excerpts from Allergy Girl
Wasting. A hunger so great I bite through a pacifier.
My mother tries to fix me with more milk, more milk.
Doctors run tests on my squalling body. No breast
is safe, no cowgoatsoy milk. I nurse on apple juice.
My parents agree on one rule: Don’t break the baby.
They pour quarters into the arcade game of adulthood,
working the mechanical claw right, left, right, back,
aiming for the stuffed bear, missing. A clutch
of cheesecake. A buttermilk biscuit. Each time
my lips swelling, breath skipping. They pace the E.R.
Did we break the baby? My mother dissects labels:
casein, protein, lactylate. Easier to cook from scratch.
My father perfects Shhh, it’s not that bad, you can breathe.
Breathe. They cradle me in Benadryl. That’s the secret
of marriage: bleary silence in white rooms. Too busy
not-breaking me to take the wrecking ball to each other.
Stacking bowls. Cupping flour.
Greasing the square pan with
sunflower margarine. At twelve,
I am safe if I stick to the surfaces
of baking. When my mother’s back
is turned I trespass, caressing
the mixer, settling a knife in the butter.
I tap an egg to the bowl’s hungry lip,
stop at the half-crack. She is the one
who makes the cake’s heart beat—
pouring milk, whipping in vanilla,
taking yolks from whites. I’m charged
with the toothpicks, foil, arranging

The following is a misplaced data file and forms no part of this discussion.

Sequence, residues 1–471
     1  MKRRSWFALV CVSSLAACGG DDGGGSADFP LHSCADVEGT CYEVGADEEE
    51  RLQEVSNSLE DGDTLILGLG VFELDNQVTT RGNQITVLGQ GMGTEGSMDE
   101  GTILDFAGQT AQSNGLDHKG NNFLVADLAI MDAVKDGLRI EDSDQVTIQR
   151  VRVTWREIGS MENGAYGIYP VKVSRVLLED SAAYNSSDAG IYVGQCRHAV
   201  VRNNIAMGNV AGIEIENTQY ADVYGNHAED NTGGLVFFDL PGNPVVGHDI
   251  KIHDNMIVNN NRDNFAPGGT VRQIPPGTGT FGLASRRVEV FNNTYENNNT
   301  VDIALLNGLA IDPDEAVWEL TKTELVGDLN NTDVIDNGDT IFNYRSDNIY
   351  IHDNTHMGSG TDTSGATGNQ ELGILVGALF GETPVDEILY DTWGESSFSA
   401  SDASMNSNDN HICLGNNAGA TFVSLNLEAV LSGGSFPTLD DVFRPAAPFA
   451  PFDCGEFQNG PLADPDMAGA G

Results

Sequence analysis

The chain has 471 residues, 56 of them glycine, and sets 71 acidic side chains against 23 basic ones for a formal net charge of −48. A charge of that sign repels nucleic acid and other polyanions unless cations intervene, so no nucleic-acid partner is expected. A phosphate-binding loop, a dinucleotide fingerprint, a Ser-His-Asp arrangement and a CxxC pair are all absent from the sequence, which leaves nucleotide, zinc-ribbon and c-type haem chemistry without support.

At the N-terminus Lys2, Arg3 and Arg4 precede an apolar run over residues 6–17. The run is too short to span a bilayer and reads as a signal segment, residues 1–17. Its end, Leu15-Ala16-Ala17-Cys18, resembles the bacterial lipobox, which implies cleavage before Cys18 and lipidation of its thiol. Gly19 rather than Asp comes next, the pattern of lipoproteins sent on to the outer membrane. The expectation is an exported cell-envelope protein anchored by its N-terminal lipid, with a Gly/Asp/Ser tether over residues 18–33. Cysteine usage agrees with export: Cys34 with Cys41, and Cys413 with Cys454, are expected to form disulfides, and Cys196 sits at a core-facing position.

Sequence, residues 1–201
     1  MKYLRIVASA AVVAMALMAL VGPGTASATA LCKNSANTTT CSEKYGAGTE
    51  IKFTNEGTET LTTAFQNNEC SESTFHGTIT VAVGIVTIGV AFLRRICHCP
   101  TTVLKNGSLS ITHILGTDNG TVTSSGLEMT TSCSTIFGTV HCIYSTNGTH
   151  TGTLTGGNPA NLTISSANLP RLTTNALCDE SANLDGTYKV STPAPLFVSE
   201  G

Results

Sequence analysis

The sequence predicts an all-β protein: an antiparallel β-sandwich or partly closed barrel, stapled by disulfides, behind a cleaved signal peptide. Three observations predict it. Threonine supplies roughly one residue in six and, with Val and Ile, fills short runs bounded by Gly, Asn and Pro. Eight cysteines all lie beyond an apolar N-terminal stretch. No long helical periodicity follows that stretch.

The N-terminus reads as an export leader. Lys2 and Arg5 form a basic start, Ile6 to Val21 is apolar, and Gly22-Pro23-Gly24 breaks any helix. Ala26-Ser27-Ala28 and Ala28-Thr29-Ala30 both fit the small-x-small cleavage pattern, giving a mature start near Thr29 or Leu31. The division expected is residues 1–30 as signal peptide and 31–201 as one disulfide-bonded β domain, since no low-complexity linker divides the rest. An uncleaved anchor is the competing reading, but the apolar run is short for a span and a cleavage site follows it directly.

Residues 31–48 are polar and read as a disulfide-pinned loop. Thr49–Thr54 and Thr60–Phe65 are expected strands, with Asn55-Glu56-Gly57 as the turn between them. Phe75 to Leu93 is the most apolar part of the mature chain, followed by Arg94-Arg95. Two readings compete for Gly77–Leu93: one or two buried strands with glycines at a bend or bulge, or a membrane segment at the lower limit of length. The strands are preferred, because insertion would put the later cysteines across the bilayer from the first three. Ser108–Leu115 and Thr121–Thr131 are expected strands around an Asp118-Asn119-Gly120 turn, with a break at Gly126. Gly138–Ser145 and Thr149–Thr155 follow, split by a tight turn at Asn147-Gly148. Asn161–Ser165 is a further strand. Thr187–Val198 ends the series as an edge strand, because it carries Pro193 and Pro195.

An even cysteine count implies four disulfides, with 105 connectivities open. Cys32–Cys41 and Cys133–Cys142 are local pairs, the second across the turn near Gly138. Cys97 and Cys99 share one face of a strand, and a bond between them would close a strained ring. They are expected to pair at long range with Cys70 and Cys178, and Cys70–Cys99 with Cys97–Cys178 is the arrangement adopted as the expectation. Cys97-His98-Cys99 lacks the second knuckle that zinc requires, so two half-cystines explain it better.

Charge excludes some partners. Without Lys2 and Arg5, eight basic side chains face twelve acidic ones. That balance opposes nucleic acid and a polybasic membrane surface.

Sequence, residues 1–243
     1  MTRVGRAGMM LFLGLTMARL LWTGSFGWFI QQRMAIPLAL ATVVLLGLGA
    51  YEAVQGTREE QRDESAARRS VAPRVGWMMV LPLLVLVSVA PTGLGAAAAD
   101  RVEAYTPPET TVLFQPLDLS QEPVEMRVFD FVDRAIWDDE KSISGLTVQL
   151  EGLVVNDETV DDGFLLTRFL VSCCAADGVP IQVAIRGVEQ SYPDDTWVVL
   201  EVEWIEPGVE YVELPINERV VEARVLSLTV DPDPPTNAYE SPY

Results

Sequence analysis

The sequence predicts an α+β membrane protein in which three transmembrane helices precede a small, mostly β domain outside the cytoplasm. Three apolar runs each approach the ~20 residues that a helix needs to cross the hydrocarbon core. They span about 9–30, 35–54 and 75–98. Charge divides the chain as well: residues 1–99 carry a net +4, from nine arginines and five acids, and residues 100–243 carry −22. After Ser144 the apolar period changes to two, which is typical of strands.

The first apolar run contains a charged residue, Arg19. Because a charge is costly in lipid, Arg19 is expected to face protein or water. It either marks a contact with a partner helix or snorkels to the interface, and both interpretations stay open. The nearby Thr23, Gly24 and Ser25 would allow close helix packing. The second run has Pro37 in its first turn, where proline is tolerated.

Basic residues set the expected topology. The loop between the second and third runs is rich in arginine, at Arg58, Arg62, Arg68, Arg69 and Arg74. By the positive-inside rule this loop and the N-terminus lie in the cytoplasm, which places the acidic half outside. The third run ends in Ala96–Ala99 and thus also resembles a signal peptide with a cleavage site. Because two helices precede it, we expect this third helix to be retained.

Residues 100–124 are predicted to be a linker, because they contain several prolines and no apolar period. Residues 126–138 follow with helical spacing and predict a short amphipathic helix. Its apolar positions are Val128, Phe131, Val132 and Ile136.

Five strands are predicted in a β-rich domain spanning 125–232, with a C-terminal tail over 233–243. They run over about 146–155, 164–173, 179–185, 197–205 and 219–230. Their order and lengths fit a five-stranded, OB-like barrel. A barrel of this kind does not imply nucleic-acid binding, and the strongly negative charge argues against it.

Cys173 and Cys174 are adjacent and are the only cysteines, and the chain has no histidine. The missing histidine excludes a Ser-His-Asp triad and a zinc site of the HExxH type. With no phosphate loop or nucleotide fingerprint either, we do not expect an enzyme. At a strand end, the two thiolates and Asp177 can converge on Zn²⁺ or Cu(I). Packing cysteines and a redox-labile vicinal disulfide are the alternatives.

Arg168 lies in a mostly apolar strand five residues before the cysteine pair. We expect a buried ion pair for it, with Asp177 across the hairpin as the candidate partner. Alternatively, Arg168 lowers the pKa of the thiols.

pink sugar letters, pebbled with yellow,
that spell out Happy Birthday.
I balance the pan in both hands
all the way to school, picturing
my whole class with plates out,
singing the high tones of duty. Before
our teacher divvies it up, careful
not to touch me. Before someone says
I ought to try a slice, at least the frosting,
and gets shushed. Before they watch
as I line up twelve birthday gumdrops
in the pencil groove of my desk.
You need to go on the Nebulizer. No.
No. I was ten. If you don’t, we’ll use
the Epipen. A needle that could shoot
through denim. So I gave in
to that high altitude taste, oxygen
constellated with epinephrine.
A sound rushing, insistent.
They fitted green straps over my ears.
All I could think of were those masks
that drop from the airplane’s ceiling
when you fall more than five hundred feet
in one second. That’s it. My mother
a stewardess, perfect and distant. Relax.
They fed me sky until my lips grew cold.
Now, I have learned to be a bad patient.
I refuse IVs. I knock back two Benadryl
with vodka, asleep before asking
anyone to check, each hour, for breath.
When that long itch starts up my throat
I buy a large fries, scarf them down,
sure this greasy mash will shield
my stomach from the egg or melon
or milk protein. Same as that
doomed girl in 14C who knows
her plane is plummeting, is impatient
for the crash, but still sneaks the shade
shut between her and the ground rushing
toward glass double-paned for her safety.